William Samuel Norton, a lawyer of Columbus and a veteran of the Civil war, coal operator, farmer and merchant, is well and favorably known throughout the state as a financier of recognized ability. In addition to his coal mines and farming interests, he is largely interested in various life, fire and casualty insurance companies and banks; is vice-president of the First National Bank of Columbus, the largest stockholder and a director in the Columbus state bank; a director in the Prudential Casualty Company, of Indianapolis, and International Life, of St. Louis; a holder of large and valuable interests in other business concerns in Kansas, Missouri, Oklahoma and Alaska. He was born in Edgar county, Illinois, July 26, 1845, a son of Amos and Elizabeth (Frazier) Norton. His father was a native of Ohio, a son of Samuel Norton, who was a native of North Carolina, of English lineage, and a soldier of the war of 1812. He went from North Carolina to Ohio in 1832, thence to Illinois in 1843. Amos Norton and Elizabeth Frazier were married in Illinois in 1844. She was a native of Kentucky, but was reared in Greencastle, Putnam county, Ind., where her father, William Frazier, was a pioneer settler and prominent citizen. In 1855 Amos Norton moved with his family to Fort Scott, Kan., but owing to the dangers incident to the border warfare of the time he moved to Buffalo, Mo., and settled on a farm, where the family was living when the Civil war came on. In that conflict Amos Norton and his son, William, rendered conspicuous service in the defense of the Union. Amos rose from private to quartermaster of the Fourteenth Missouri state militia cavalry, and at Turner's Lane on April 2, 1863, he, with D. A. Lindsay, regimental commissary, and R. P. Wilcox, regimental adjutant, were captured by a band of guerrillas, taken to the mountains and all put to death. The son, William, at the age of fifteen answered the first call of President Lincoln for troops by enlisting in the home guards, where he served much of the time as a scout and despatch bearer. He reached Lexington, Mo., with a despatch just in advance of Gen. Sterling Price's attack on Colonel Mulligan's forces at that place which commenced early in the morning of Sept. 12, and continued for nine days, when Colonel Mulligan with his little band of 2,600 men surrendered to Price's of 24,000 men. On Oct. 24, by order of Colonel Stevenson of the Thirteenth Illinois cavalry, William Norton, in the capacity of guide, joined the forces of Maj. Charles Zagonyi of General Fremont's body guard, and Capt. Frank J. White of the "Prairie Scouts" near Bolivar, Mo., who were on their way to Springfield. The body guard and scouts numbered about 300 men, rank and file. They reached a point near Springfield the following day, when Major Zagonyi learned that the forces then in camp west of the city were about 2,000 strong. He decided to attack at once, and riding up and down the line of his men said: "Comrades, the hour of danger is at hand. The enemy is two thousand strong. None of us ever may come back, if any man would turn his back let him do so now." The response was a cheer. "Then I will lead you, follow me and do as I do." The enemy was routed and demoralized. Every man not killed or wounded stood guard over the town that night. General Fremont and his army reached Springfield the following day. Later on William enlisted in the Eighth Missouri volunteer cavalry and served to the close of the war, after which he became one of the leaders of the Grand Army of the Republic. He was a charter member of the Interstate Reunion Association of Baxter Springs; was commissioner aide-de-camp in 1895, by Gen. Thomas G. Lawler, commander-in-chief of the Grand Army of the Republic, with the rank of colonel on the staff of General Lawler. While in the army Colonel Norton received four slight wounds. After being mustered out of the service at Little Rock, Ark., he was appointed sheriff of Arkansas county, Arkansas, and in this capacity, with a strong force of deputies, he went to the county seat, where he learned that more than 400 Confederates had not surrendered. While sheriff he encountered many thrilling situations, but on account of failing health he resigned. He was at once commissioned by Governor Murphy as an examining court and ordered to Devall's bluff, where he held court one term, when he again resigned and came back to his home at Buffalo. In 1866 he located south of Carthage, Mo.; taught school that winter; bought a farm one mile west of where Galena now is; farmed in the spring and summer, teaching school in the winter, for three years; then sold his farm and engaged in freighting from Granby to Sedalia, Mo., making many trips as far south as Fort Gibson and Fort Sill in the Indian Territory. In 1871, when lead ore was discovered at Joplin, he went there, erected a store house, and opened up the first stock of goods ever there; engaged in mining, was elected police judge, and served as undersheriff for two years. He then engaged in the wholesale and retail grocery business, in 1877, lead ore was struck on Short creek, where Galena now is. He sold out his Joplin interests and again came to Kansas, engaged in the mercantile business, mining and practicing law with a fair degree of success until 1882, when he engaged in the coal business on lands he bought adjoining the site of Scammon. At this place he operated coal mines, carried on a mercantile business on an extensive scale until 1904, when he sold his store and one mine, leased out others and retired from active business. From 1892 to 1900 he lived at Baxter Springs, where he served as mayor of the city for three terms. During his business career he held, and now holds, large farming interests, several hundred acres being underlaid with coal. As early as 1873 he was admitted to the bar, and in connection with his mining, merchandising and farming, he practiced law with a success that made him prominent with the members of the profession. In politics Colonel Norton has always been an ardent Republican, having cast his first vote for Abraham Lincoln in 1864, when he was but nineteen years old. He was elected state senator from Cherokee county in 1888, and served for four years to the satisfaction of his constituency, and with honor to himself. Colonel Norton has always been a leader in his community in politics as well as in business. He has always been active and notwithstanding he commenced without capital, he has been the arbiter of his own fortune in the business world. As a citizen he is held in high esteem by a wide circle of acquaintances, and by reason of his exemplary life he deserves the respect and confidence reposed in him.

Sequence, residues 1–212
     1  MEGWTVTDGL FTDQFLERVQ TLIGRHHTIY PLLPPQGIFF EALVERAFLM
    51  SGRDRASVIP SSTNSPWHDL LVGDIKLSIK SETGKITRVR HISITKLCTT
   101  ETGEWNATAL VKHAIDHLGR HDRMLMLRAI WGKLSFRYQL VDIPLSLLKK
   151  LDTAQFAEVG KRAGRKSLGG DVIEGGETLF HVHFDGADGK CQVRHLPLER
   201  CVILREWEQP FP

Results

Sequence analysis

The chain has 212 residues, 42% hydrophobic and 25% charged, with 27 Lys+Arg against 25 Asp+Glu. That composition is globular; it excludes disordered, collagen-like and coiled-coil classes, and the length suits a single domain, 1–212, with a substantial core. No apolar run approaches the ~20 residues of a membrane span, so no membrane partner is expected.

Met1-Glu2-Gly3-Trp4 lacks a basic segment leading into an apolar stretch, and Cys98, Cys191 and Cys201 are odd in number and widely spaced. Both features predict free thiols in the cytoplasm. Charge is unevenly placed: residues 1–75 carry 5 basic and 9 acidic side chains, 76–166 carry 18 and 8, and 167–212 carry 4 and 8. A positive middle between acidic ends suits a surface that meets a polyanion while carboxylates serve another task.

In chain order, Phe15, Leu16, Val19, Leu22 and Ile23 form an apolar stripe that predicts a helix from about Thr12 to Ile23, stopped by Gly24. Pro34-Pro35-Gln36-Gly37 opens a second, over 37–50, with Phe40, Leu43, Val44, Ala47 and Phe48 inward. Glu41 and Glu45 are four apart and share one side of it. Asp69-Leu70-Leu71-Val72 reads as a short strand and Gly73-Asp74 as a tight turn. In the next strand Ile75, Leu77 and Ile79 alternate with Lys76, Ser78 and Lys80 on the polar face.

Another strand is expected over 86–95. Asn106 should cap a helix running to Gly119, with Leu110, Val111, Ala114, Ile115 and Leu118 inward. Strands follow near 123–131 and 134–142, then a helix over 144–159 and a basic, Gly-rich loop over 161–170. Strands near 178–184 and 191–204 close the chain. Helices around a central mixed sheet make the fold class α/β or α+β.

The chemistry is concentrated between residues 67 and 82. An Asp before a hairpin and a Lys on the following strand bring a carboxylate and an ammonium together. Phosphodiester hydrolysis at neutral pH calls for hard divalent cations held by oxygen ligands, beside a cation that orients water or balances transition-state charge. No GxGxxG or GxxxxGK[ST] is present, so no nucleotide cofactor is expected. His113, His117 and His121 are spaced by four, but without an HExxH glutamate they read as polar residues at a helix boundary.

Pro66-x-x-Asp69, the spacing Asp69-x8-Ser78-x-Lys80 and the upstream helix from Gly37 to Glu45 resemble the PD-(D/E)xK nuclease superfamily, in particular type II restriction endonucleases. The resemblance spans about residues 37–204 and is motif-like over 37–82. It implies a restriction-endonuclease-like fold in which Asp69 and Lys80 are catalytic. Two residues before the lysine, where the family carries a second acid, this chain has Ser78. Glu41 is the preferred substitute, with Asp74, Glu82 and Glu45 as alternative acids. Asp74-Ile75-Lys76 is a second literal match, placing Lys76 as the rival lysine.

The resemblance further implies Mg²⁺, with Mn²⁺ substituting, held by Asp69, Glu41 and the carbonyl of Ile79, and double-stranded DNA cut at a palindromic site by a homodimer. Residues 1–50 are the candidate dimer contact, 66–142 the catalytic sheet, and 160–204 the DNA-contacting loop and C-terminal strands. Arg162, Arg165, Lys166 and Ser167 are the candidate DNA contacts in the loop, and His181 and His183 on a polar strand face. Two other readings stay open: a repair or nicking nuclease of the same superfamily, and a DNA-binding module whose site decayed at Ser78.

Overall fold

In 1883 Colonel Norton was married at St. Joseph, Mo., to Miss Mollie E. Stall, who was the first white female child born at Fort Leavenworth. the only daughter of Capt. Andrew Stall of the United States army then stationed at that place. Mrs. Norton was possessed of sterling qualities of heart and mind. She was to him a worthy wife, and in home, church and social life, a leader, highly esteemed by those who knew her. She died on May 20, 1910, having borne her husband two children, Maud A. and Claude W. The danghter was drowned on June 10, 1905. Claude W. lives in Weir City and is attending to his father's interests in the coal mines near that place. In church matters Colonel Norton and his wife and children all became members of the Presbyterian church. Fraternally he is a thirty-second degree Scottish Rite Mason, a member of the Mystic Shrine, Mirza Temple, Pittsburg, Kan., and also a member of the Benevolent Order of Elks, Lodge No. 412, Pittsburg, Kansas.

Pages 248-250 from volume III, part 1 of Kansas: a cyclopedia of state history, embracing events, institutions, industries, counties, cities, towns, prominent persons, etc. ... / with a supplementary volume devoted to selected personal history and reminiscence. Standard Pub. Co. Chicago : 1912. 3 v. in 4. : front., ill., ports.; 28 cm. Vols. I-II edited by Frank W. Blackmar. Transcribed December 2002 by Carolyn Ward. This volume is identified at the Kansas State Historical Society as microfilm LM195. It is a two-part volume 3.